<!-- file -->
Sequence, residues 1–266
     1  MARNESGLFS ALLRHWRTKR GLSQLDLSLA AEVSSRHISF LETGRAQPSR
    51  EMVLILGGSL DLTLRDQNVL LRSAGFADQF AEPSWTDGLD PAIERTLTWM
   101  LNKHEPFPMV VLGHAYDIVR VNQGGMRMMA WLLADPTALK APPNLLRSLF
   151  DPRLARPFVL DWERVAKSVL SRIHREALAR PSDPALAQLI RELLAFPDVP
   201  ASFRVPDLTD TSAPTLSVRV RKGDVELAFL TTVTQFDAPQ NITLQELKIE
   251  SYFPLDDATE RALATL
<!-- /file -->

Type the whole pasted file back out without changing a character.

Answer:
Sequence, residues 1–266
     1  MARNESGLFS ALLRHWRTKR GLSQLDLSLA AEVSSRHISF LETGRAQPSR
    51  EMVLILGGSL DLTLRDQNVL LRSAGFADQF AEPSWTDGLD PAIERTLTWM
   101  LNKHEPFPMV VLGHAYDIVR VNQGGMRMMA WLLADPTALK APPNLLRSLF
   151  DPRLARPFVL DWERVAKSVL SRIHREALAR PSDPALAQLI RELLAFPDVP
   201  ASFRVPDLTD TSAPTLSVRV RKGDVELAFL TTVTQFDAPQ NITLQELKIE
   251  SYFPLDDATE RALATL